Analysis: Boosting the development of Indonesia’s eastern regions

The Jakarta Post | | Business | Wed, July 16 2014

In the past four years, Indonesia has shown steady economic growth, despite our domestic structural problems and global economic turmoil. Last year Indonesia suffered from a US$4.1 billion trade deficit, a 3.3 percent of gross domestic product (GDP) current-account deficit and the rupiah depreciated to approximately 12,300 per US dollar at the end of 2013 due mainly to the US Federal Reserve’s tapering off policy.

This brought a strong combination of difficulties, which tended to put downward pressure on the Indonesian economy. Responsive policy adjustments from the Indonesian government, however, have successfully provided a good cushion for the economy and despite the unfavorable global economic conditions, it may still have grown 5.8 percent in 2013.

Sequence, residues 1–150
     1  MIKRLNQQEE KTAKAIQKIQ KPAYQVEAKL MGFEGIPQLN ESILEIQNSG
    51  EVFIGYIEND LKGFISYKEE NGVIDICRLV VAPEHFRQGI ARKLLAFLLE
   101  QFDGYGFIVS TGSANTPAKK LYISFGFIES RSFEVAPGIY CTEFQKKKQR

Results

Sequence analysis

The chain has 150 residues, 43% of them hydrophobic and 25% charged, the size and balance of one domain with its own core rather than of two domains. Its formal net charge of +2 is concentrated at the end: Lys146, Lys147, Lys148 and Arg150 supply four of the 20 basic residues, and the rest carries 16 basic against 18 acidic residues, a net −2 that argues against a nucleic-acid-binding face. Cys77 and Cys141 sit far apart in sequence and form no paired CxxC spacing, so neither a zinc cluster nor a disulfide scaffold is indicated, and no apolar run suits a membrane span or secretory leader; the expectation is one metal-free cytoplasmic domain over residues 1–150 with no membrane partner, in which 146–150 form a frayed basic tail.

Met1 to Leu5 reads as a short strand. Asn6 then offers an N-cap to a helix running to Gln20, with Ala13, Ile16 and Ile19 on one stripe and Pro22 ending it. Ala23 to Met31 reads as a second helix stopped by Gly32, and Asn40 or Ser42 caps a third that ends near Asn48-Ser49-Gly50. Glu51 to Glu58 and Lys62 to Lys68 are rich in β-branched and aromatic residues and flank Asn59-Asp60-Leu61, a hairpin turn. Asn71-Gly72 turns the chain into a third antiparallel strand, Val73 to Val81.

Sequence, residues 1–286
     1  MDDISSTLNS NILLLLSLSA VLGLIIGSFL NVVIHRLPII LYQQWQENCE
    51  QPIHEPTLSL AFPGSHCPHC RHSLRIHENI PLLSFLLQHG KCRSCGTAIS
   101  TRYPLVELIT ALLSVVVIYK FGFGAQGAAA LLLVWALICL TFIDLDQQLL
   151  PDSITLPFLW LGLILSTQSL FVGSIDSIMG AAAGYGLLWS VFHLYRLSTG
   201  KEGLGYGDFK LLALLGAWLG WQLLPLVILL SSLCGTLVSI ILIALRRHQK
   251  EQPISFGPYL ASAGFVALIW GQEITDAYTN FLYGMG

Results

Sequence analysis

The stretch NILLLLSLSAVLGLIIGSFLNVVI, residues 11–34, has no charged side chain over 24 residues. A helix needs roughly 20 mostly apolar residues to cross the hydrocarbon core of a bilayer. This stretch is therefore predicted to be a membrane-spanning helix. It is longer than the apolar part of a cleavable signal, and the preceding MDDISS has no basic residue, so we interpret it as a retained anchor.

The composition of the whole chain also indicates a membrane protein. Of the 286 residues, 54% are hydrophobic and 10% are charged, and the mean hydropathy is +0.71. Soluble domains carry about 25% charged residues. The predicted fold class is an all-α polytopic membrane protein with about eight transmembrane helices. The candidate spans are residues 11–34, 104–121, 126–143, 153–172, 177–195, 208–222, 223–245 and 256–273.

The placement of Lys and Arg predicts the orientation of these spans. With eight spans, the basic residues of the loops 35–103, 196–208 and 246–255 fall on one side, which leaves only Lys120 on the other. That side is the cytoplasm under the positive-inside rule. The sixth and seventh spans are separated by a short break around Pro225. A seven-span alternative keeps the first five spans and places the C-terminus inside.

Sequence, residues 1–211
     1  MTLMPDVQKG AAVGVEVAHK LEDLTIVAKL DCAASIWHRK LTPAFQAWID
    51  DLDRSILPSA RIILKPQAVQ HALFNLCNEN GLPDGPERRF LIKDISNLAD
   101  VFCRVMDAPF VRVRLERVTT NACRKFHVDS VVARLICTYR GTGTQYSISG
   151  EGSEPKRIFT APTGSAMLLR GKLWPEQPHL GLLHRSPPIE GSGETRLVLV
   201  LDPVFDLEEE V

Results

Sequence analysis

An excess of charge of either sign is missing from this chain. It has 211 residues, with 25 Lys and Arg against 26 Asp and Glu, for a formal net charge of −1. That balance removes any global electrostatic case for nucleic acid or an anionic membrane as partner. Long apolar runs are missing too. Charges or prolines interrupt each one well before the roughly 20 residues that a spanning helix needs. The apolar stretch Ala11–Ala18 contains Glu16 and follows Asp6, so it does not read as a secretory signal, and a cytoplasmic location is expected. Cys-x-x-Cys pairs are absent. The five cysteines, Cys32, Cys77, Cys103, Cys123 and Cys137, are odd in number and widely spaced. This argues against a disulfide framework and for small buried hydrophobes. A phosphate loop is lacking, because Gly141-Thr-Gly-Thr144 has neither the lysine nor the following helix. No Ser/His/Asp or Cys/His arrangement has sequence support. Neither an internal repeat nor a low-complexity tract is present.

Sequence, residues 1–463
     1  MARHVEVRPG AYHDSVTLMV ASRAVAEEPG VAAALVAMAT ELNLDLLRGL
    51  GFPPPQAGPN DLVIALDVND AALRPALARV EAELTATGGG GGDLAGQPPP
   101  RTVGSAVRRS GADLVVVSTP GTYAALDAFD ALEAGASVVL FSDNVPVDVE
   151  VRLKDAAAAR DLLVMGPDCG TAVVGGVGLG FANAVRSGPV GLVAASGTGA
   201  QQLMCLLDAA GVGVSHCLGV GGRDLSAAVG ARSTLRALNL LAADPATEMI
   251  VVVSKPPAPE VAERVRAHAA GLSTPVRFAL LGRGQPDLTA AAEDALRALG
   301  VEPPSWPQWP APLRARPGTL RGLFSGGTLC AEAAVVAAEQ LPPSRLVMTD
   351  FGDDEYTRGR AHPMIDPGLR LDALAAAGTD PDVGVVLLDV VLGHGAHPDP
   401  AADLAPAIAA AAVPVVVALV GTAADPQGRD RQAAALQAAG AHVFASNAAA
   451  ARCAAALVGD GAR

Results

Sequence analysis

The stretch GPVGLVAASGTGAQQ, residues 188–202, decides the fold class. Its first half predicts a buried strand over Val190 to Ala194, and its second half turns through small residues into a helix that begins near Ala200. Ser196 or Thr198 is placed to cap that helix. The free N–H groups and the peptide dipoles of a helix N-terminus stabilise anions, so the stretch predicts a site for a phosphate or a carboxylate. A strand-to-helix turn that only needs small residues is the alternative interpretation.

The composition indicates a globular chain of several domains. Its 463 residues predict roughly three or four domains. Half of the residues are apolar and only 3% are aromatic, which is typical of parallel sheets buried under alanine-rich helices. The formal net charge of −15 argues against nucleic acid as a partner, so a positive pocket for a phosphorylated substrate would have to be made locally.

In contrast with the relatively stable economic growth at the national level, growth at the regional level has more diverse figures. Indonesian economic growth was not distributed equally among its seven economic corridors, namely Sumatra, Java, Bali and Nusa Tenggara, Sulawesi, Maluku and Papua.

Based on the Herfindahl Hirschman Index, ranging from 0 to 1, we discovered that the index increased from 0.4 (2011) to 0.404 (2013), which indicates greater inequality in economic distribution. The index results show the imbalanced GDP contribution of Indonesia’s west (i.e. Java and Sumatra) versus east (i.e. Kalimantan, Bali, Nusa Tenggara, Sulawesi and Papua).

The graph shows that since 2011, economic contributions from the western regions gradually increased, while they steadily fell in the east. It also shows that more than 80 percent of the Indonesian economy is concentrated in the western regions.

Furthermore, this condition has remained more or less the same for a decade, recalling that in 2003 the west already contributed 82.3 percent of Indonesia’s GDP. To wrap up, the Indonesian macroeconomic condition represents largely the western regions.